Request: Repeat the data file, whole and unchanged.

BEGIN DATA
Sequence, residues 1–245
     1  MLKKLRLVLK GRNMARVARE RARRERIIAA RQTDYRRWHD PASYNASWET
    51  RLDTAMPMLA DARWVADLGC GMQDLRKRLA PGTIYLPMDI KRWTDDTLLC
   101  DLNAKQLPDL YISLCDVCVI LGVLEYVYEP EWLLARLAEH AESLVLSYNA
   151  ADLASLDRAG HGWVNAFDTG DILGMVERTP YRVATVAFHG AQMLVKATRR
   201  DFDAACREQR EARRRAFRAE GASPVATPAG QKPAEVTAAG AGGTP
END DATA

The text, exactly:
Sequence, residues 1–245
     1  MLKKLRLVLK GRNMARVARE RARRERIIAA RQTDYRRWHD PASYNASWET
    51  RLDTAMPMLA DARWVADLGC GMQDLRKRLA PGTIYLPMDI KRWTDDTLLC
   101  DLNAKQLPDL YISLCDVCVI LGVLEYVYEP EWLLARLAEH AESLVLSYNA
   151  ADLASLDRAG HGWVNAFDTG DILGMVERTP YRVATVAFHG AQMLVKATRR
   201  DFDAACREQR EARRRAFRAE GASPVATPAG QKPAEVTAAG AGGTP